I love IT people. They are talented individuals who have a gift to understand technology and “how things work” behind the scenes that not many people have. And we also know that their number one gift is usually not communications nor being “touchy/feely” type people. From experience, being married to an IT person, having been an IT Director for a nonprofit and a bank, plus having managed many IT personnel through the years, I have learned how to communicate with them and also how to engage them in the strategic discussions of the organization.
“IT people" as we call them, are very smart people but so are the rest of us. In many corporations, there is a noticeable gap in communication between the top executives and the CIO. This manifests itself in the gap between the corporate strategic plan and the technology strategic plan—if there is one in place. For example, if your organization wants to grow 20% in gross revenues YOY or a bank wants to grow 15-20% in assets in the next fiscal year, do you have the technological infrastructure to support that growth? How soon do you start planning for the continuous growth you are projecting in your strategic plan? What type of infrastructure (both physical and logical) do you need? Do you have the appropriate security controls in place to handle new clients and to offer brand new products or services? Do you have an enterprise risk management risk assessment process in place that incorporates how the new technology will or could impact the organization?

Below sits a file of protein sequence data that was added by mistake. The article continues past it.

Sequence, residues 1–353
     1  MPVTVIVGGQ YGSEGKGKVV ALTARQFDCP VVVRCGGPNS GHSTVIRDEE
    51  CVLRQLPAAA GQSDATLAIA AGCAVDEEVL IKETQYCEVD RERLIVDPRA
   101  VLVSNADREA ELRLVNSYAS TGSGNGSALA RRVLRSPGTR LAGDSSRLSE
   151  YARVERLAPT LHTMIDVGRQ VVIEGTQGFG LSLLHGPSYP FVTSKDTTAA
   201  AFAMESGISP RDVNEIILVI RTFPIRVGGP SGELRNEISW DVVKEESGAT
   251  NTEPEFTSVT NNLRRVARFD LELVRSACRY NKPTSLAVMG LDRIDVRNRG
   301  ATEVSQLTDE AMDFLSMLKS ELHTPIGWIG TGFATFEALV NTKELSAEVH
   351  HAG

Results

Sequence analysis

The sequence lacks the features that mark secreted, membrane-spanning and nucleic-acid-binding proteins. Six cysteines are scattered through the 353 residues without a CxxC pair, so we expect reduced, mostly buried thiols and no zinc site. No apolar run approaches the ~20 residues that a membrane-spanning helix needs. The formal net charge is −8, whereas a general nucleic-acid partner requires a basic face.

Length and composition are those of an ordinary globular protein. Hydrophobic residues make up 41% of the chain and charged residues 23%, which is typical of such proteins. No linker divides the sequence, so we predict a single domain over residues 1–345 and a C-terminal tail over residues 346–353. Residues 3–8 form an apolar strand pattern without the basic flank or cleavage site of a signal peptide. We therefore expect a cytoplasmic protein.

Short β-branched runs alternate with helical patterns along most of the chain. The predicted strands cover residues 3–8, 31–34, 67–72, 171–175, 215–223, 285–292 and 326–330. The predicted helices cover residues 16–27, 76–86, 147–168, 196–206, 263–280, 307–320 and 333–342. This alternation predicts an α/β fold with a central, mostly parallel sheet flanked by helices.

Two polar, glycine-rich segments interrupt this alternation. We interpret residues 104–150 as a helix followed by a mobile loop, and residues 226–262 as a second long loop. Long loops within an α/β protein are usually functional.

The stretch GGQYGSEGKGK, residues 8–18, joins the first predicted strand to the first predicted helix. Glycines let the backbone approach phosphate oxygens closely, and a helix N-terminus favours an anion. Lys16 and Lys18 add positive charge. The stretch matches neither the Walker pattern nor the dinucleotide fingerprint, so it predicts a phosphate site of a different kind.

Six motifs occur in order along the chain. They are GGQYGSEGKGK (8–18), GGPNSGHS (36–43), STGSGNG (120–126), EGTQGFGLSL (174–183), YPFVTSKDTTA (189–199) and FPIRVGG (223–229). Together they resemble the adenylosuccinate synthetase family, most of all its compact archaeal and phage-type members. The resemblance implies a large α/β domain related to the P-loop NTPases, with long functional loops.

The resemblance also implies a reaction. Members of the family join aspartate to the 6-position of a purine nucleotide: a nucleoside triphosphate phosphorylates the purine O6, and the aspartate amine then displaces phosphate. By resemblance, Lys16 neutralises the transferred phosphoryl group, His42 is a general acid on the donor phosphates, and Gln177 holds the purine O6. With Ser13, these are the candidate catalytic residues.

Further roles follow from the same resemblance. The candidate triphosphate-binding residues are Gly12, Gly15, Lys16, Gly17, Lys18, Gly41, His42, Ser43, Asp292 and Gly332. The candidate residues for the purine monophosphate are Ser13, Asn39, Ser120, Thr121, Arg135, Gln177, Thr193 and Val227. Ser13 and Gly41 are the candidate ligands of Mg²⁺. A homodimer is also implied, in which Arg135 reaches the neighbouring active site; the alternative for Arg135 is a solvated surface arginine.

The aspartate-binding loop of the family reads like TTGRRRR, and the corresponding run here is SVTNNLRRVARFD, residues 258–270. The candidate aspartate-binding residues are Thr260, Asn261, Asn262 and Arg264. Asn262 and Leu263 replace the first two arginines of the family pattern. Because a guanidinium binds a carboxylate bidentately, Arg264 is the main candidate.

These and many other important questions need to be part of your risk assessment and strategic planning process in order to coordinate and have an integrated IT infrastructure to support your organization. To bridge the gap, therefore, IT professionals need to learn corporate talk, company politics, become very familiar with the company’s strategic plan/goals. At the same time, corporate executives need to learn about technology—not only what systems they need to run their companies but also what type of technology would benefit their company most in order to ensure continued success.
Communication is the crucial component for a successful marriage between IT and the company’s strategic plan. Including the IT Director/CIO (or whatever title you choose for your company’s IT leader), is key to successful communication. Once the IT leader understands the needs of the company, where the company is going, and feels like a valuable team member, he or she will come up with the right technology solutions to support the company. Your IT strategies will then align with the company’s strategies
The IT infrastructure of a company is the foundation of the organization and all the pipes/framework have to be in place correctly—and from the start—just as you build your own home. I used to tell my team, “Our pipes can be full of customers but if our pipes are broken, we’re all going home!” Meaning, the sales staff and processes are just as important as the organization’s infrastructure. We’re all in this together and are part of one team, one company!
The IT Security Program includes having a strong IT Strategic Plan, which in turn should be integrated with your overall company’s Strategic Plan. At Malzahn Strategic (www.malzahnstrategic.com) we work with banks that want to increase their profitability by improving their operational efficiencies. We focus on Strategic Planning, Enterprise Risk Management and Talent Management.